"Now the serpent proved to be the most cautious of all the wild beasts of the field that Jehovah God had made. So it began to say to the woman: "Is it really so that God said YOU must not eat from every tree of the garden?" At this the woman said to the serpent: "Of the fruit of the trees of the garden we may eat. But as for [eating] of the fruit of the tree that is in the middle of the garden, God has said, ‘YOU must not eat from it, no, YOU must not touch it that YOU do not die.’" At this the serpent said to the woman: "YOU positively will not die. For God knows that in the very day of YOUR eating from it YOUR eyes are bound to be opened and YOU are bound to be like God, KNOWING good and bad." ―Genesis 3:1-5.
The idea of wanting to be like God had appealed to the anointed cherub and now he was using this as an inducement to tempt Eve as well. Did Eve also want to be like God? Do we? The implication is clear, if we refuse to listen to God, and decide for ourselves as to what is good and bad, we are in reality wanting to be like God. That is also true of anyone who presumptuously adds or takes away from what God has commanded us. (Deuteronomy 12:32) That is why the vast majority of Adam's offspring have refused to subject themselves to God. This attitude is very prevalent and even encouraged today. Most do not want to submit to any sort of authority. They want to do what is right in their own eyes. Has this proved to be beneficial, as this now rebellious spirit creature promised?
By his lie this once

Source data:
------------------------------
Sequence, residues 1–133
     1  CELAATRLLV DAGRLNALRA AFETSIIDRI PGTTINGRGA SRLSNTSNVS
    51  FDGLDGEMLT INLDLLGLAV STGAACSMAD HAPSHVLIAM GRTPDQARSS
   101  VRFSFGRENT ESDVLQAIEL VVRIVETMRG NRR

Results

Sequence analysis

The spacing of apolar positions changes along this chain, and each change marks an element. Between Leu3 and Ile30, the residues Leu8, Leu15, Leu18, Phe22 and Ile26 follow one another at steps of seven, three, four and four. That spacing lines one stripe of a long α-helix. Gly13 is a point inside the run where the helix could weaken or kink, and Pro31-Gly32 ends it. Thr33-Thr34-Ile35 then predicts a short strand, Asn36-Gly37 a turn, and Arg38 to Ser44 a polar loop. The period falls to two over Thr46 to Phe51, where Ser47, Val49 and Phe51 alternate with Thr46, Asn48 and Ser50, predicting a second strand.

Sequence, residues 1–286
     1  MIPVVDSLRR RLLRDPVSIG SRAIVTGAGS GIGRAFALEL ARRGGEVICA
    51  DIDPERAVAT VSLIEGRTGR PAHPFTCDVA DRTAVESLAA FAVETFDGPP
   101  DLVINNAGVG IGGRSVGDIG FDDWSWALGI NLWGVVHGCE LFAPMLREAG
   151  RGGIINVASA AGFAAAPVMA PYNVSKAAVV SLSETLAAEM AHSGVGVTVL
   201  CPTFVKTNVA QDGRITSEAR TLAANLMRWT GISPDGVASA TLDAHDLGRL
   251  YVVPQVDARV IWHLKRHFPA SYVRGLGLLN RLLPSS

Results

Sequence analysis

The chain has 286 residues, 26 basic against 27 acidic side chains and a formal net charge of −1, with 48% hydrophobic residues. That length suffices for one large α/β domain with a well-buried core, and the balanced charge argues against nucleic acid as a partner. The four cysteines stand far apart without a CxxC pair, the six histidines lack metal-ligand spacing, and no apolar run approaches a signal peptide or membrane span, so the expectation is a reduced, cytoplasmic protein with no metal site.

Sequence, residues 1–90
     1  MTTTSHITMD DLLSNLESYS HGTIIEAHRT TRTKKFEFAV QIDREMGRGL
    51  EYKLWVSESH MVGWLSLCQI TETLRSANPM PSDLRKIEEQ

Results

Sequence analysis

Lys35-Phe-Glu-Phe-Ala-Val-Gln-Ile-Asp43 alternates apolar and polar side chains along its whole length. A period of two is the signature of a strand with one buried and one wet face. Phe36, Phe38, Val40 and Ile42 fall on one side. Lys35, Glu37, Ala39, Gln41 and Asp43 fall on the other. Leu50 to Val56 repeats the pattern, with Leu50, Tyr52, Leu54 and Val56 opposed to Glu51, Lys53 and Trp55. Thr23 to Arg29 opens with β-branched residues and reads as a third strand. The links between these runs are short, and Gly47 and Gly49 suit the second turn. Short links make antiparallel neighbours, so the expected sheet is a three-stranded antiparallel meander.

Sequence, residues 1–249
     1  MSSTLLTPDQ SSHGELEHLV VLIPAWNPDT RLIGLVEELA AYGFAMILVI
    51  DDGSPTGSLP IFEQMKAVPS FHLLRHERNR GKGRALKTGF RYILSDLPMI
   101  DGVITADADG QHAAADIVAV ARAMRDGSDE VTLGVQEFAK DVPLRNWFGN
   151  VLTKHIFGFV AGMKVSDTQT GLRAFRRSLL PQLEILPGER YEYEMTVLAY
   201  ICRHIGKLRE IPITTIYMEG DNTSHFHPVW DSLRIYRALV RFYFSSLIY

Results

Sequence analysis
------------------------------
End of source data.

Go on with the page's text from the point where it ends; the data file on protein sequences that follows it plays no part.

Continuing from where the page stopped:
cherub made himself the Devil. And by opposing God he became Satan. He
succeeded in getting Eve
to listened to him, and so took the fruit and ate it. Later she gave
some of it also to her husband. The scriptures tell us that Eve was
deceived but Adam was not. (2 Corinthians 11:3;
1 Timothy 2:14)
A Promised Hope
Although the first man Adam had
now become guilty of sin, Jehovah still had full confidence in his creation. He
had pronounced it as good. (Genesis 1:27,28,31) Adam's rebellion was not
due to any defect in his design, as is stated at Deuteronomy 32:5,
"They have acted ruinously on their own part;
They are not his children, the defect is their own. A generation crooked
Our Creator, who designed the amazing
human body with all its interdependent organs and parts, which we often
take for granted when everything functions the way it should (thus
enjoying good health), certainly also knows what is best when it comes
to human relationships. To get along with one another in peace and
harmony, especially on a world wide scale, we need guidance from above.
(Jer. 10:24) By his disobedience, Adam had rejected any dependence on God
and could no longer look to him for direction. The terrible consequences
that soon followed was an indication of what was in store for humanity
estranged from their Creator. Not being guided by God’s law and thus not in a
position to teach it to his offspring, such as morals
of right and wrong),
Adam's firstborn son
Cain, in a fit of jealous rage, turned upon his younger brother Abel and murdered him. It set the stage for things to come. (Gen. 4:8,25)
Every man became a law to himself,
enforced by his own strength and superiority, although at that time
everyone was still closely related to each other. (Gen. 4:23,24; Eccl.
In time the whole
earth came to be filled with violence and bloodshed; so very opposite of
what God had intended.